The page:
Oct17

Tales Of Silicon Valley Burnout

How much work is too much? What about in Silicon Valley? Do the same beliefs apply?

One of the strange paradoxes of the modern economy is the simultaneous emphasis on growth and work-life balance. This is particularly true when coming from Silicon Valley, where scalability and growth are believed in with a near-religious fanatical degree. In fact, part of the myth-making of Silicon Valley is that the long hours, the grueling expectations and the all-hands-on-deck mentality contributes to an all-encompassing “company culture” that creates success. The question remains: is that actually true? And is it good for workers?   

The Wild and Wacky World of Startups

As the tech era continues on, the all-hard-work, all-the-time ethos that has dominated the startup world is starting to show signs of being a fallacy. Many high profile people located at the elite levels of the startup economy are pointing out the futility of expecting the best from workers at all hours of the day. It is both unsustainable and bad for society.

The first major tale of Silicon Valley overwork came from a high profile New York Times expose last year, which detailed the grueling company culture of Amazon. Writing in response to that piece, billionaire Facebook co-founder Dustin Moskovitz wrote a public post on Medium detailing what he’s learned from his work ethic over his careers. As someone who was instrumental in founding one of the companies that is most emblematic of the internet era, his decision to bring attention to this problem means a lot.

He writes, “The research is clear: beyond ~40–50 hours per week, the marginal returns from additional work decrease rapidly and quickly become negative. We have also demonstrated that though you can get more output for a few weeks during “crunch time” you still ultimately pay for it later when people inevitably need to recover. If you try to sustain crunch time for longer than that, you are merely creating the illusion of increased velocity. This is true at multiple levels of abstraction: the hours worked per week, the number of consecutive minutes of focus vs. rest time in a given session, and the amount of vacation days you take in a year.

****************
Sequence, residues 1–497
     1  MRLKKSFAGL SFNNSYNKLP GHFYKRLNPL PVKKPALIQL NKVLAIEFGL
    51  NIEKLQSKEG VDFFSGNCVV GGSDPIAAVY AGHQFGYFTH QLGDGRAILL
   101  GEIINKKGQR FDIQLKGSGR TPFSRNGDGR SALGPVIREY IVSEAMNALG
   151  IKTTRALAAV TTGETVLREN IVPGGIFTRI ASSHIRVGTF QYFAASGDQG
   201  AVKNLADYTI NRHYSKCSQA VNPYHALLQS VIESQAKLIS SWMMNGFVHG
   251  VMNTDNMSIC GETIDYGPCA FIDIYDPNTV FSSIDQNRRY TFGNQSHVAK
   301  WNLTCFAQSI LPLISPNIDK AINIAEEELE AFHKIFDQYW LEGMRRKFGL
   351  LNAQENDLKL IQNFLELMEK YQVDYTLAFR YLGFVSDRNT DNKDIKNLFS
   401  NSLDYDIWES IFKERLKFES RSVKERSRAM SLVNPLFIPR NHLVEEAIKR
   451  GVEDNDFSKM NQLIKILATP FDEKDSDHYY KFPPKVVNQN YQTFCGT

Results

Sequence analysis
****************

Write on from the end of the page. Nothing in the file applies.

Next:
Work is Work

While it’s positive that high profile stories and people in the tech world are drawing attention to this issue, lip service is not enough. As one TechCrunch contributor put it, “Pointing fingers at the most extreme examples of white-collar sweatshops will change nothing. Incremental ‘improvements’ will change nothing. Reading lots of aspirational articles about perks and work flexibility to demonstrate ‘great culture” will change nothing.”

How To Prevent Employee Burnout

So what will make change and tackle the damaging idea that humans can and should devote the majority of their life to hard work? The first is being honest about the mental health problems that can be suppressed or even caused by an extreme work ethic. These need to be taken just as seriously as any other health issue. Managers should be on the lookout for team members that seem to be struggling mentally, and encourage them to take time off or visit a doctor if necessary.

Implement Healthy Habits

Providing ways for employees to integrate healthy habits into their working lives, via gym subsidies, healthy food, standing desks and on site mental health checks is also a good way to encourage healthy habits. However, providing these things is not enough. It needs to be embedded into the company culture that making time for mental and physical health will be, over time, better for the workers and thus the company as a whole.

Address Company-Wide Changes

The next major step is modelling from the top. If HR departments insist to workers that they are encouraged to take their full vacation time, but employees don’t see their bosses and company heads doing the same, it’s unlikely they will feel empowered to do so. Time off can’t just be offered; it has to be actively encouraged. Whether it’s in the form of longer chunks of time off, or shorter breaks more frequently, research points to the restorative power of time off and away from the responsibilities of work.

The truth is that Silicon Valley can still be Silicon Valley without workers who are working themselves to the brink of exhaustion. But it’s going to require changing the culture of the valley as a whole, not just one company at a time.

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